As the opening line from that late '50s-early '60s police TV show stated "There are eight million stories in the Naked City." The same could be said about how people uncover their dreams of becoming musicians. Sometimes it comes via a dramatic epiphany, e.g. seeing a memorable performer or hearing a monumental recording, while for others it may be due to immersion in music itself, perhaps through musician parents. Now and then, a happenstance so quirky, so out of the blue, occurs that it's as if the spheres just aligned to make it so. Such is Tom Carleno's story.

The setting: a family get-together. Young Tom is watching his cousin, Paul Musso, pulling off an impressive José Feliciano impression (sunglasses and all) and playing the guitar. That was all it took. Tom decided there and then that he wanted to become an entertainer and playing guitar would be his vehicle to reach that goal. That he didn't know how to play the instrument served as no deterrent. He persuaded his cousin to teach him to play guitar (a buck a lesson on Friday nights after school).

Tom spent his teen years learning guitar, joining bands (many of which never made it past the rehearsal stage), four of which reached semi-solid status–two rock bands and two jazz/rock ensembles. For a job, he worked alongside his father in the family's wholesale drapery fabric shop, although he couldn't get his dreams of entertaining people with music out of his head. "I could never see myself having a regular 9 to 5 type of job. There was nothing that interested me enough to want to make a living doing it as much as music did. Early on…I didn't know how to go about making a living as a musician, so I just spent time learning my instrument and hoped I would figure that part out later."

A huge turning point occurred when he began studying guitar and composition with Steve Mesplé, a core member of the ground-breaking '80s and '90s ensemble, Wind Machine. For eight years he studied with Mesplé, learning about alternate tunings and developing his own. "I had dabbled a bit with fingerstyle guitar before, but Steve really taught me the proper technique…I found I could write songs easily using different tunings. They sparked my creative side."

Toward the end of his time with Mesplé, Carleno came to the realization that rather than continuing to either find a band or start one (which had proved futile up to that point), he instead went looking for a single accompanist who fit into his vision of what he wanted to play. Around this time (the late '80s), he met violinist Josie Quick and discovered that both she and her instrument might be a great fit. "I had been playing and writing acoustic music in open tunings for a couple of years and it occurred to me that a violin would sound great with acoustic guitar." The two developed a solid chemistry together, leading to the formation of their band, Perpetual Motion, an acoustic jazz ensemble. Tom and Josie also became best friends and, in 1992, got married. The couple and the band have been making music for over 20 years.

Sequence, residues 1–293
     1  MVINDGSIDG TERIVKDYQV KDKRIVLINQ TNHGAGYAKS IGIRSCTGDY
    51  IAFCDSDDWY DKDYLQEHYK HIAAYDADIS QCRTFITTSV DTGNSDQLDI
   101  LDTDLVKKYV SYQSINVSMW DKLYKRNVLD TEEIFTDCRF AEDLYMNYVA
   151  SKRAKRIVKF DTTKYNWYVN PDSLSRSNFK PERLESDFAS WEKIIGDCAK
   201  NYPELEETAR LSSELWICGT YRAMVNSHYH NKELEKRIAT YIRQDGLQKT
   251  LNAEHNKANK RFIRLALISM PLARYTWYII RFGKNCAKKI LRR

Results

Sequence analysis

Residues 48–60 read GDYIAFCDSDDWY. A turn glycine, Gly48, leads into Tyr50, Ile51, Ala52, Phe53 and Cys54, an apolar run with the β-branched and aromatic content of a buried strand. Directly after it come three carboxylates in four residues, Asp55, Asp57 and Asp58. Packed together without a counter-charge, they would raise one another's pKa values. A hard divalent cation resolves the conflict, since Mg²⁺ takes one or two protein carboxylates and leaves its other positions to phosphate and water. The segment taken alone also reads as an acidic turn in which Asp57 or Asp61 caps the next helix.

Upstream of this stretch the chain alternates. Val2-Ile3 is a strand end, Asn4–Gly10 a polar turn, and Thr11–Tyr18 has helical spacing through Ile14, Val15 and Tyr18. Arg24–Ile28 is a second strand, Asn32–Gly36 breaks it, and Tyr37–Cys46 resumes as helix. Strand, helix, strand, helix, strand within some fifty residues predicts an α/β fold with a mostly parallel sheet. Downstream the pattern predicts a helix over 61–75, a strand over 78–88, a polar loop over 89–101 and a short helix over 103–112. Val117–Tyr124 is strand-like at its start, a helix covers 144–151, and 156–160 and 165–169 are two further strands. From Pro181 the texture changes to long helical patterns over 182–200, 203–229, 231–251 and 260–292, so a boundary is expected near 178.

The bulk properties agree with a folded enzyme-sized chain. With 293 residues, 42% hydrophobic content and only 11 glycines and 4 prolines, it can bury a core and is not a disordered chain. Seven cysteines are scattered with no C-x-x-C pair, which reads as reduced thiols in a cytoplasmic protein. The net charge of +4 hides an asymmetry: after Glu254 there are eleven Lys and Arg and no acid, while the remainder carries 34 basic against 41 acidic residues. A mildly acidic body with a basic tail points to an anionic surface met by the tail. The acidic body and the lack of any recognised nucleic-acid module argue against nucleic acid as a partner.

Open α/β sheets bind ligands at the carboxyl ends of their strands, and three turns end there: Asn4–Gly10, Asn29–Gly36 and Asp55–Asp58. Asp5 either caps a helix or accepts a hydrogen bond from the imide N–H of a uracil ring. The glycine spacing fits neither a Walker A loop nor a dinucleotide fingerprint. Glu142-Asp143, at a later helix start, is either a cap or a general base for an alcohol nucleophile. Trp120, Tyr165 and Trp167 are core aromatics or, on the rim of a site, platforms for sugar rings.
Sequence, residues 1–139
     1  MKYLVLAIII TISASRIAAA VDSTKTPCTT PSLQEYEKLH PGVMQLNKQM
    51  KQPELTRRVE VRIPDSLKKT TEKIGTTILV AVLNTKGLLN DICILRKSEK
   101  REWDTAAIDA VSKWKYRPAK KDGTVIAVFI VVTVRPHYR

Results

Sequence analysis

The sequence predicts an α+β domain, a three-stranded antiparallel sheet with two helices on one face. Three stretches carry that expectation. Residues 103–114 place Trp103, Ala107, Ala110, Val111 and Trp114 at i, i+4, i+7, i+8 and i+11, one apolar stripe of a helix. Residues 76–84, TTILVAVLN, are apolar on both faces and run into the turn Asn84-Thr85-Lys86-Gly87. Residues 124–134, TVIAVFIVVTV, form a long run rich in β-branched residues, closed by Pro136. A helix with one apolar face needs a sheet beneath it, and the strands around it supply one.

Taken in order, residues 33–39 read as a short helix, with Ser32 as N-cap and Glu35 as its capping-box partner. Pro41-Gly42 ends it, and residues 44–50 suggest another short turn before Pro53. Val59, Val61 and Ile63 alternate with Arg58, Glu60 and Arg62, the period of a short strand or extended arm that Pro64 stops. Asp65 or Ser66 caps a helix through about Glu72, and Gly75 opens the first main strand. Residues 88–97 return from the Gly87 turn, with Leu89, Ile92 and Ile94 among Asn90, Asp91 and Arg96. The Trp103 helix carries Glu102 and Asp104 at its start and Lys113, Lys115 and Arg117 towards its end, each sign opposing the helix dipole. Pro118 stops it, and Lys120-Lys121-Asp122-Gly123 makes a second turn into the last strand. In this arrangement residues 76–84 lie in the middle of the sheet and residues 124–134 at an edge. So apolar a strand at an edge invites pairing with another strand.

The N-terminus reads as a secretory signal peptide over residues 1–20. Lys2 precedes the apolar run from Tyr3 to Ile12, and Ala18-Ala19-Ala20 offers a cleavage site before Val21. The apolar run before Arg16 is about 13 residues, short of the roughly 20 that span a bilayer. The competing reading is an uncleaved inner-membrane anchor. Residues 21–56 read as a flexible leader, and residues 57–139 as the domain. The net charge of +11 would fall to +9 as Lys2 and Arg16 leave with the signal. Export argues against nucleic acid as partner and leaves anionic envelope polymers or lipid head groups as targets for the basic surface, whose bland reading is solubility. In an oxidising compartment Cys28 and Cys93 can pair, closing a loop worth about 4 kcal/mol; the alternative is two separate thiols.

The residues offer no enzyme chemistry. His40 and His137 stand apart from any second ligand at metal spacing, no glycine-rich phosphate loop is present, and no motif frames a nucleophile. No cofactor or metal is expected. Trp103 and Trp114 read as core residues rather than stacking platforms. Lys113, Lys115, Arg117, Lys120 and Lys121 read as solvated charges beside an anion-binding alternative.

While Carleno had wanted to record a solo guitar album for years, it wasn't until 2008 that it became something of importance. He had been writing solo music for quite a while and it was now time to record it. The resultant album is titled Perfect Imperfection, the origins of which came about partly through wife Josie's observation that "…nothing is perfect." Carleno began mulling that idea over in his head, coming to the realization "That is what makes life so perfect–that everything is imperfect…perfection to one person is not the same as to another, so nothing can be perfect if everyone is different."

With a long history of performing live throughout Colorado (25+ years) Denver residents Tom and Josie are fully occupied with their assorted musical careers. The couple keeps busy with Perpetual Motion, while Josie also plays in another group (Coyote Poets of the Universe). Tom can sometimes be found performing with another guitarist, each one doing a solo set as well as duets. In addition, both Tom and Josie add plenty of session work to their already busy schedules. Tom views all the assorted gigs the couple has as being practical (the extra money is helpful in these tough times) as well as from a musical standpoint. "…on the artistic side, I believe it helps us grow as musicians."

Has Tom finally achieved fame? Maybe he hasn't rocked out in front of sold-out stadiums, but the former one-dollar-a- lesson aspiring guitarist has had a long, successful professional music career in and has won acclaim with several songwriting awards. Tom's music can also be heard on cable TV channels Animal Planet and The Learning Channel. All in all, none too shabby for someone who might have ended up advising you on drapery fabrics instead!


Tom Carleno


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